Jedi Trial - David Sherman, Dan Cragg Separatist Admiral Pors Tonith has attacked Praesitlyn, home of the communications hub of the Republic. Palpatine sends Anakin Skywalker, Jedi Padawan, and Nejaa Halcyon, a shamed Jedi Master (he lost a ship to Zozrider Slayke, who coincidentally, happens to be defending Praesitlyn), to regain control of Praesitlyn and restore communications to the Outer Rim worlds.
NOTE: Based on novel and audiobook.

When I first reviewed this book several years ago, I said it was the worst Star Wars book. Of course, that was when I liked The Crystal Star. So, I decided to go back and "reread" to see if it is as bad as I feared.
It is.
I had probably listened to barely a minute of the audiobook, when I made my first note, which was "Wow, the writing style is worse than Jude Watson, who purposefully writes for children". From there it went downhill.
For its credit, Jedi Trial does a few things okay. There are some continuity nods, most notably using the communications center on Praesitlyn, which was first established in Heir to the Empire, Armand Isard, and Nejaa Halcyon. Also, it's obvious that the authors are well aware of how the military functions.
If you can't already tell, I am really grasping at straws, trying desperately to find any sort of "good aspects" to this book.
This book is positively dreadful, a pain to read. I found I could only listen to a few minutes at a time; it was as if the book was giving me real, physical damage.
What's wrong with Jedi Trial? Well, here goes nothing!
1. Characters. From established movie characters like Anakin and Obi-Wan to Expanded Universe ones like Nejaa and Asajj to original characters like Odie and Reija, the characters are dreadful. They are one cliché built on top of another, barely characterized beyond one or two words.
a. Anakin feels blank and under-developed. If it weren't for the fact his name is "Anakin", I would never have known that this is the man who becomes Darth Vader. He becomes instantly attached to Reija, the blatant "Shmi" insert that the authors don't even bother to dress up, so that he can become enraged when she is harmed. Anakin has never seemed like the kind of person to become so quickly and indiscriminately attached to people.
b. Nejaa Halcyon, Corellian Jedi with a wife and child of his own, could have been "Anyone Jedi" for all his character development. He spends one moment even thinking about his family; most of his other scenes are him planning, yelling, or doing a bad job commanding.
c. Asajj Ventress, big and splashy on the cover, plays a cameo role, in which she does nothing but growl at Pors Tonith for no reason (yes, let's just growl and yell at your admiral just because). Oddly enough, Count Dooku appears more in this book than Asajj. So why is she on the cover? Did someone mix up this cover with the one for The Cestus Deception?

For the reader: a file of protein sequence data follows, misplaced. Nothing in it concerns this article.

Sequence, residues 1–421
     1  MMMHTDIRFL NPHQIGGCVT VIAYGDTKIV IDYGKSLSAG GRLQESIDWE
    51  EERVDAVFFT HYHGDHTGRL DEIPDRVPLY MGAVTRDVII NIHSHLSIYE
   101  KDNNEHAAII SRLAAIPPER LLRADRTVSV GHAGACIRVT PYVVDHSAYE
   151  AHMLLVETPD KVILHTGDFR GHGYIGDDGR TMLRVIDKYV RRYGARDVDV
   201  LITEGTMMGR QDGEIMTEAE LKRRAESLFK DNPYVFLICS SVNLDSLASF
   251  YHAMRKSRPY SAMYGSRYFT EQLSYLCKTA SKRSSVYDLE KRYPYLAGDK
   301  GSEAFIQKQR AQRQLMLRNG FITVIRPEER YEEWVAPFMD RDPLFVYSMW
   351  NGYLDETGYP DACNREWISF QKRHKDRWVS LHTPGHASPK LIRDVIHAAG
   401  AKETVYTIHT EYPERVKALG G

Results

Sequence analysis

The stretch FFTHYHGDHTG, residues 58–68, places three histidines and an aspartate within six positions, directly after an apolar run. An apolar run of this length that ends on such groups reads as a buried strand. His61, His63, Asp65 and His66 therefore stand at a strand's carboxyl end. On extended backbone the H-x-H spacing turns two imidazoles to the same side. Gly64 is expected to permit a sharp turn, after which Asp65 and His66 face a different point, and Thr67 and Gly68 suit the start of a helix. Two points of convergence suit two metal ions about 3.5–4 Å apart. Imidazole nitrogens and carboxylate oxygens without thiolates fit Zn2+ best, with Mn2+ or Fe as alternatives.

d. Pors Tonith is a classic Cackling Villain. Most of his scenes center around him chuckling about how smart he is, how clever his plans are, and how he drinks dianoga tea that stains his teeth. It's a bad sign when one of the highlight characteristics of your villains is the color his teeth have been stained. It's also bad when the authors can't stop mentioning the color of the stain of his teeth every two seconds.
e. Reija Momen was painted as this wonderful, perfect "everyone's mother" (so called by an alien, of all beings) that came off so clichéd and over done, you couldn't have made it more obvious if you had painted it on the cover of the book. If I had to heard one more time how "motherly" Reija was, I would have attacked my iPod.
f. Odie Subu not only has a horrible name (Garfield!) but she is the most boring, bland, uninspiring, stupid woman ever. She supposedly is the best recon pilot, but she doesn't do anything that intelligent and instead does what any good traditional woman should and let her man, Erk, make all the decisions.
g. Erk Harmond is a horribly clichéd fighter pilot. It's like reading X-Wing and taking drugs at the same time. Take Han Solo, Dash Rendar, and Corran Horn, remove away any characteristics that aren't related to piloting, exaggerate all the over-confident, arrogant mannerisms, have him laugh at the most inopportune times and you have Erk. Whenever he entered a scene, I wanted to drive a drill through my head.
h. What is with everyone worshipping Zozrider Slayke? The guy drove me bonkers, and if I had to listen to another of his "motivational speeches", I will strangle myself.
2. "Show, don't tell". The authors must have skipped this lesson in Writing Fiction 101, because the novel is literally littered with "telling scenes" and very few "showing scenes". When Nejaa is first mentioned, Anakin talks about how Nejaa is great. Well, that's nice, but can't we see how Nejaa is such a good Master and swordsbeing? When Reija enters, we are told she's a good administrator and that she's kind, but we never see her being kind to her employees. Ditto for her being "everyone's mother". And one of the highlights of the book, one of the biggest reasons I had to read this book, to read how Nejaa and Anakin, both married men, relate to each other, is so hastily, sloppily, and pathetically done, it's embarrassing. Anyone, literally anyone, could have written a better scene where Nejaa and Anakin reveal their marital status and make it more stirring and impactful. The scene literally goes "Nejaa told Anakin about his wife and son...Anakin told Nejaa about Padme". AGH! If Stackpole or Allston were at the reigns, this easily could have been a chapter, instead of the paragraph!!